By Mark Schneider of Hechinger Report
The federal government, in concert with the states and institutions, could do more to increase transparency and enhance market accountability in higher education.
More effectively reporting data that it already collects and collecting better data on cost, quality and value would provide a number of benefits.
Students could use the information to avoid investing in schools or programs that do not provide a positive return on investment and to discover options that they may have eliminated on the basis of incomplete or faulty information.
Researchers and policymakers could more readily judge where investments in federal aid are paying off and where reforms could improve efficiency and reduce waste. Private firms could use data to come up with rankings and ratings to reflect the unique preferences of different students.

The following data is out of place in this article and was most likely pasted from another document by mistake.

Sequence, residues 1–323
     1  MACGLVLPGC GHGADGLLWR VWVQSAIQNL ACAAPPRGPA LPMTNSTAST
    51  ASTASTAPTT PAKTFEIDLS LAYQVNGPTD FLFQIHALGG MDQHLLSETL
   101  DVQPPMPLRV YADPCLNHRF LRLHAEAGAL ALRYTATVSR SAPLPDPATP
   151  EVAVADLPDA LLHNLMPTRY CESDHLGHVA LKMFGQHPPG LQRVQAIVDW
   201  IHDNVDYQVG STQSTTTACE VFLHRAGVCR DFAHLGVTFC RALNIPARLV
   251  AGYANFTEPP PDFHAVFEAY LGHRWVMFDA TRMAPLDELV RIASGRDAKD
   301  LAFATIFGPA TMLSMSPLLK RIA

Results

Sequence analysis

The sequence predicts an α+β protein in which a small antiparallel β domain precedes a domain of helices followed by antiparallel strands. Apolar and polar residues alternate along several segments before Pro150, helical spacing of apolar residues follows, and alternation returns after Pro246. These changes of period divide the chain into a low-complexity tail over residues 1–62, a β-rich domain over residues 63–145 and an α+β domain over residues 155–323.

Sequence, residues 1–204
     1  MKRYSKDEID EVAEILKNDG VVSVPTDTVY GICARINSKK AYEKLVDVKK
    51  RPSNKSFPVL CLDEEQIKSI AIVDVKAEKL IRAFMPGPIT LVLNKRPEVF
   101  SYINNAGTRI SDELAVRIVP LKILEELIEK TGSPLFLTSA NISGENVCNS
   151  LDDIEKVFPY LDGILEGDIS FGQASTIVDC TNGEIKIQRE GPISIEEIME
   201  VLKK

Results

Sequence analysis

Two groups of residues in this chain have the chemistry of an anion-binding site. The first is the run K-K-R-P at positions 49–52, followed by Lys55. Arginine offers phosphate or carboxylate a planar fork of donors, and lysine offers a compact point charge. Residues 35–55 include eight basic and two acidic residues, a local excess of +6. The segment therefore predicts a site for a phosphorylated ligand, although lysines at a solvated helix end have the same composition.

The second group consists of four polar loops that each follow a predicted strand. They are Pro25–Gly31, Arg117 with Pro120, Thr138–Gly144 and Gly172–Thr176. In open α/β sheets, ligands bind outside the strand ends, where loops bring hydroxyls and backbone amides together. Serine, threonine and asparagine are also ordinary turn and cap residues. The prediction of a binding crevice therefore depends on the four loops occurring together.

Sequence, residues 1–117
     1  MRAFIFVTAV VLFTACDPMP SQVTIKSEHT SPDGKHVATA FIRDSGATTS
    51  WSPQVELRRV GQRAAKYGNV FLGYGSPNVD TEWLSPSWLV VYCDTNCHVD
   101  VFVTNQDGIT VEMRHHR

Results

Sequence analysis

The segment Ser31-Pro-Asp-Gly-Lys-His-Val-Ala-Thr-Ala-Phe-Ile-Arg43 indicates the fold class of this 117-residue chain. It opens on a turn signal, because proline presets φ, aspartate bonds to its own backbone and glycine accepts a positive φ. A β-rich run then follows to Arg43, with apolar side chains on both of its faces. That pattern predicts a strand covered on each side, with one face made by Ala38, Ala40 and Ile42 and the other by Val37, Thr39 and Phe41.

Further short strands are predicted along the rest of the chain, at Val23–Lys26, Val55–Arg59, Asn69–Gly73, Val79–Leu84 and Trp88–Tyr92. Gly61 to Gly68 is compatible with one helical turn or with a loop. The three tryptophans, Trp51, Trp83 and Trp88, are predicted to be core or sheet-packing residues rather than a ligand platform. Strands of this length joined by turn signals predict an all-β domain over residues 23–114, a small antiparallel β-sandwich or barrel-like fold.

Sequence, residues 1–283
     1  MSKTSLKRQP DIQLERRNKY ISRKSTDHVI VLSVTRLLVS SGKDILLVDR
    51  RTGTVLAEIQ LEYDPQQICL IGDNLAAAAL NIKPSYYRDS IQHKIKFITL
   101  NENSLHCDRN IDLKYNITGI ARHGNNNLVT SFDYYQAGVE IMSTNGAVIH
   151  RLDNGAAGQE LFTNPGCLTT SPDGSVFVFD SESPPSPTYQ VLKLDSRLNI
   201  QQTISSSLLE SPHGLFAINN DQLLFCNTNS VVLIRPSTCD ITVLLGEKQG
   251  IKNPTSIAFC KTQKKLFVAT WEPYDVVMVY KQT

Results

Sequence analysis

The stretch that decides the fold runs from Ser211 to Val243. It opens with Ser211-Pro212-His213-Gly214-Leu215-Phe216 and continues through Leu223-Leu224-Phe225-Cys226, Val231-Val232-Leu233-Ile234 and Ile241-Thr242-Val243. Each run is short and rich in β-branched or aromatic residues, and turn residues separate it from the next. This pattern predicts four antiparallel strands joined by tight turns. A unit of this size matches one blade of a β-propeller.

Private lenders and funders could use labor-market outcome data to improve underwriting and extend credit on the basis of a student’s potential rather than the student’s past experience with credit products.
Perhaps the most visible attempt to rewrite the federal role was the Obama administration’s failed attempt to build a Postsecondary Institutional Rating System (PIRS). In 2013, the White House decided that the nation needed a rating system that would evaluate the approximately 7,000 post-secondary institutions that participate in federal student-aid programs. (Read More...)